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Opinions of Friday, 14 January 2022

Columnist: Abdul Rahman Odoi

Buying books and reading: Investments to behold

People are being encouraged to make buying books a habit People are being encouraged to make buying books a habit

Investments are ideally in many folds. However, it’s preposterous that buying books and reading have not found their places in the business plans of many, to be considered as such.

The most recurring question I have received so far within these two weeks of January is: “Can I get to read after you?” I’m fortunate to be reading some interesting books as the year got started. George Orwell’s ‘Animal Farm’, Robert Kiyosaki’s ‘Rich Dad, Poor Dad’, and I just finished reading ‘Dark Days In Ghana’ by Dr. Kwame Nkrumah. I would report about all of them at a later date. God willing.

The questions started dropping from different people when I posted the first book. I was thinking it’ll come to cessation, but upon their epiphany of my second read (Rich Dad, Poor Dad) and the small pieces of words I spent on these books made them lust over the book the more.

Three days ago when I outdoored my third read (Dark Days In Ghana), I somehow felt like hiding the post from those friends of mine who would be pestering with the can-I-get-to-read-after-you craze, so that they will not see what I am currently reading.

But with the mindset of helping to revamp the reading rage in the 1700s where, as novels became prominent, young people dedicated their last coins for book purchasing and, time, to reading. Even that the media called their sickened addiction for books as reading rage, reading fever, reading lust etc. I halted that selfish decision. And I thus made the post apparent to them. After all, it’s what’s app: I’m not distributing money.

In the middle of last year, at the end of the book of the month review, an event was hosted by Success Bookclub, chaired by Maazi Okoro, with the led discussant being Faud Muhammad. The book under review: ‘The Rules of People’ by Richard Templar.

During the discussion, a learned brother was also given the floor to advise us on how to make money from reading and writing. He said a lot of good things and one thing I disagree with (but that is for another time). The ambiance turned to a cemetery when he mentioned that his library at home alone is worth seven thousand cedis or more. That wasn’t a bragging verve: he wanted to encourage us to consider book shopping and reading as investments. No wonder, he doubles as an author and advocates against social menaces.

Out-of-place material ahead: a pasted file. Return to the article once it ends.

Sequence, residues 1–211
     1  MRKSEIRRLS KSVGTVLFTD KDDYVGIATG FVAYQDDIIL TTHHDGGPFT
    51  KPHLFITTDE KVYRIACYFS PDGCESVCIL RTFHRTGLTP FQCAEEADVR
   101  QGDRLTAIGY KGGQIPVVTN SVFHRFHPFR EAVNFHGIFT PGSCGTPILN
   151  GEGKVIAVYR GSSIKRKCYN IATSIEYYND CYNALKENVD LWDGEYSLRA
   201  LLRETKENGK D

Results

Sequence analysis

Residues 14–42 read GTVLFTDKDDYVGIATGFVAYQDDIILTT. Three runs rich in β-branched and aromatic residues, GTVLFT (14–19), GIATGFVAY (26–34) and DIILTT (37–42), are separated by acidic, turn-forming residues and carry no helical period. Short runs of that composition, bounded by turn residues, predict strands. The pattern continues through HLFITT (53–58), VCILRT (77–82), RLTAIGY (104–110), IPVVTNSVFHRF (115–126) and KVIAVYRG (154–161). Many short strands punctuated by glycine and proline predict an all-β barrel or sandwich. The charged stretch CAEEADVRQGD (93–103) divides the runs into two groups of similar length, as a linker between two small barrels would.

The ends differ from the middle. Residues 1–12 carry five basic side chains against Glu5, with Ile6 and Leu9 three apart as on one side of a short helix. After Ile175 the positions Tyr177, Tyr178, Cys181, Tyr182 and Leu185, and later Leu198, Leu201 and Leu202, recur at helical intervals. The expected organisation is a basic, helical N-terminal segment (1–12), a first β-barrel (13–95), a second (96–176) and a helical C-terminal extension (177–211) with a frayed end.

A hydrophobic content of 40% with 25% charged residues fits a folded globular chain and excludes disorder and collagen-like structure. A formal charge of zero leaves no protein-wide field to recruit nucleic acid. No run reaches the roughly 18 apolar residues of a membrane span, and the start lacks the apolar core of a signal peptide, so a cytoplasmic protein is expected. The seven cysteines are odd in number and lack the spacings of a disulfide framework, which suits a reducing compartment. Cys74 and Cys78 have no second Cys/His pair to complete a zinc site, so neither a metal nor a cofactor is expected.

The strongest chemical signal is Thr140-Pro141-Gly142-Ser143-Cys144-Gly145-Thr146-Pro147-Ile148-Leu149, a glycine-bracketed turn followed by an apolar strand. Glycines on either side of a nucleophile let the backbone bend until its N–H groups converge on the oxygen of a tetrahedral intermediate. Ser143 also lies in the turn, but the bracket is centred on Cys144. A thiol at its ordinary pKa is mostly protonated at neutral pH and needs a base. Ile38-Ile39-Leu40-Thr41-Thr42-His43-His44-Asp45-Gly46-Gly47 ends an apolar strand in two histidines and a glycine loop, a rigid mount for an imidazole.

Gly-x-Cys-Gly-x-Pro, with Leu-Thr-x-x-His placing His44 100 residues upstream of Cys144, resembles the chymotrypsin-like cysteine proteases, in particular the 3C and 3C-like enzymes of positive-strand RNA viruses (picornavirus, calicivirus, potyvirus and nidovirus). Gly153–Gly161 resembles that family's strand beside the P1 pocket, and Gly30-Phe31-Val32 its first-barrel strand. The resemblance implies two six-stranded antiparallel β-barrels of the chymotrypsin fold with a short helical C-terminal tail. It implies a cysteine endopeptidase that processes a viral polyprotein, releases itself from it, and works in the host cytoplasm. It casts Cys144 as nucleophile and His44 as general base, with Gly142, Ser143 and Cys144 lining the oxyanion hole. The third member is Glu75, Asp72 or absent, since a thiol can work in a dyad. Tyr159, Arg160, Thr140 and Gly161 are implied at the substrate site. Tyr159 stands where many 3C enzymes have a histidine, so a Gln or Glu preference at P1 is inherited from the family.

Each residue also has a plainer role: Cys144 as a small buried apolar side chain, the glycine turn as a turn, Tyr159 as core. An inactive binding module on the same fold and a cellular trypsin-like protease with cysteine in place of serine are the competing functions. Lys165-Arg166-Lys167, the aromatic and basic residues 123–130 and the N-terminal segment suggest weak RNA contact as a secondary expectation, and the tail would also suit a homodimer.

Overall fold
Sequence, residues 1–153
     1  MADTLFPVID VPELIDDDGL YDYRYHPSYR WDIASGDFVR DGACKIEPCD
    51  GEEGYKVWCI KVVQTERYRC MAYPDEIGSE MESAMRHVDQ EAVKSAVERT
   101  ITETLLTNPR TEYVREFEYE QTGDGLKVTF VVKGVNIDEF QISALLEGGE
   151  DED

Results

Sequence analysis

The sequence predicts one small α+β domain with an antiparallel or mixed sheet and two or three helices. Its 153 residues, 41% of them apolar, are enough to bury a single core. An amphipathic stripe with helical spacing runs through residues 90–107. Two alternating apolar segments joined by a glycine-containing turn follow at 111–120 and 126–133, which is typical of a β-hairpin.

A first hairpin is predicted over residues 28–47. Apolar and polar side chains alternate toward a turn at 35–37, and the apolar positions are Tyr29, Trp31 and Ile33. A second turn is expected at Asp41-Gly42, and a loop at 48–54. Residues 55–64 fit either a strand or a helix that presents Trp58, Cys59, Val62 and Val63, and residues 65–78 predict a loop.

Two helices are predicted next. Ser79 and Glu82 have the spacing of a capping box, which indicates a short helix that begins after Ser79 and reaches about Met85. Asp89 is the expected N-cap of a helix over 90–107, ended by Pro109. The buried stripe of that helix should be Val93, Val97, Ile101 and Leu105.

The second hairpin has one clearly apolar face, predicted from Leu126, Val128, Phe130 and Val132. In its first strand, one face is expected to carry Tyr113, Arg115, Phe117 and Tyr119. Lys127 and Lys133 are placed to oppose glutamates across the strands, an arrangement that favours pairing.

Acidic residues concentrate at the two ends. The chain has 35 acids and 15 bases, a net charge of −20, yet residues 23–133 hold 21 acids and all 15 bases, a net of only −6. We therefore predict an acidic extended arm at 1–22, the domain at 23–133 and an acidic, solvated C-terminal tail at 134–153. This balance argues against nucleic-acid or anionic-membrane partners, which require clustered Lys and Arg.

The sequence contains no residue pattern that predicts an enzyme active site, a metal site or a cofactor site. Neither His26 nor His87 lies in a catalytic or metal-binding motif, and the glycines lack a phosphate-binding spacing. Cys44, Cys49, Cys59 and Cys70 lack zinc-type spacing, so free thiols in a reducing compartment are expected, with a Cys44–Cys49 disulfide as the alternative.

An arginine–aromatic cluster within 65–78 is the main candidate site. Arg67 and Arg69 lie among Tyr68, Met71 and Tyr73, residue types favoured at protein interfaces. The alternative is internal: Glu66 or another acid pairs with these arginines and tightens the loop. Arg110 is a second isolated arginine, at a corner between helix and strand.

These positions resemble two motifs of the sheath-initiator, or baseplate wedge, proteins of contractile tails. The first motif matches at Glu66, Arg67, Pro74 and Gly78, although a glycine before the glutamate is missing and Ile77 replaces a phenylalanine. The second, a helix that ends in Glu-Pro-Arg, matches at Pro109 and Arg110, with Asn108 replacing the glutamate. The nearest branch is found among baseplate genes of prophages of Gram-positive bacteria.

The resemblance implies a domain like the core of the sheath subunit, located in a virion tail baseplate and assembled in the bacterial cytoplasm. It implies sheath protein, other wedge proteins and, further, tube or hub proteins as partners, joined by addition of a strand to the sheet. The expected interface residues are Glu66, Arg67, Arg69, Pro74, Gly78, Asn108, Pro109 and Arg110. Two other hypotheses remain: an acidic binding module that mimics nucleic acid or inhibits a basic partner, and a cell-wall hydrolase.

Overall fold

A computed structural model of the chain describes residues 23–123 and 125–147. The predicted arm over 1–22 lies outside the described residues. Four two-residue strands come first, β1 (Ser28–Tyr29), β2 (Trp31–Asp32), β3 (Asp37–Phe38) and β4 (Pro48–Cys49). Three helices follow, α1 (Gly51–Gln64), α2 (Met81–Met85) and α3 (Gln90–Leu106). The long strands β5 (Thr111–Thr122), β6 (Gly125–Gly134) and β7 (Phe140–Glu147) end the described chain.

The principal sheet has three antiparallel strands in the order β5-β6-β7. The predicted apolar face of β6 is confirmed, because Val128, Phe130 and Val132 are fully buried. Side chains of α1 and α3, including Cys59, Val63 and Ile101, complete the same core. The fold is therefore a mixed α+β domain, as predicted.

This is the type of investment worth emulating. We need to make a conscious effort towards owning books and reading. So buy books. Start building a library. I know reading a book doesn’t churn out billionaires overnight. But the kind of priceless information buried in books is worth the investment.

Thus I don’t see the need to loan a book to a grownup person who uses a smartphone and has a “yam” phone aside. Who responsibly buys bundles from Mtn and Vodafone every day. Who wears the best type of watches and shirts and Lacoste etc. This crop of people don’t have any excuse than to see buying of books as luxurious as getting the latest MacBook.

If anything at all I’d consider buying books to those in their teens, to beguile them to develop the love for books and reading. I watched a video where a small kid has had his birthday presents being delivered. The beam of smiles on his face when he realized that among the many things he had asked, his dad had fulfilled his promise of buying him his long-awaited book. If a child can have this love for books, why can’t we grow our appetite for books and reading, too?

It’s true that our economy is overburdening us. However, we need to take some time for books (i.e., if we really want to be impactful like Dr. Kwame Nkrumah, Malcom X, Barack Obama, Michele Obama, Dr Ben Carson, Chimamanda Ngozi, at el.,) because with books, they conquered.

There is much hidden in books. Most often the investment reaped in reading are not entirely monetary but mind power and mental freedom. That’s why reading, in itself, is an investment to behold. When you read you become well informed. Your thoughts and behavior would be sharpened. And you make meaningful contributions to issues and policy formulation.

Prince Nii Gates is a very chatty colleague. He meets you today and starts bonding right away. We used to find that part of his habit a nuisance. Humorously, we nicknamed him ‘The Eagle’. For behaves as though he sees everything. And had it not been my reading of Tom Halaye’s ‘Why You Act The Way You Do’ I would always be fighting him instead of appreciating his character.

But the book exposed me to the four main human temperaments. Those that are conversational, risk-takers, shy, irascible and whatnot. This time I merited a lot from reading: I could at least tolerate that brother of ours. This is a mental freedom reading granted me. And so now when he’s making his usual rhetorics, I listen and would not grow any sentiment for him. But if he tells a lie, I would object it.

So the little coin you have, you can start buying books with it. I got ‘The Killing Tree’, a novel authored by Ray Bennett and Max Lucado’s book ‘The Gift For All People’ for five and two cedis only, all at Methodist Book Depot, Accra. Eventually, as my reading rage reached epidemic level then I started buying books that cost a hundred cedis and more.

A pleasant land, they say, it’s made of little grains of sand. Therefore, take this as an exhortation, and consider book buying and reading as investments.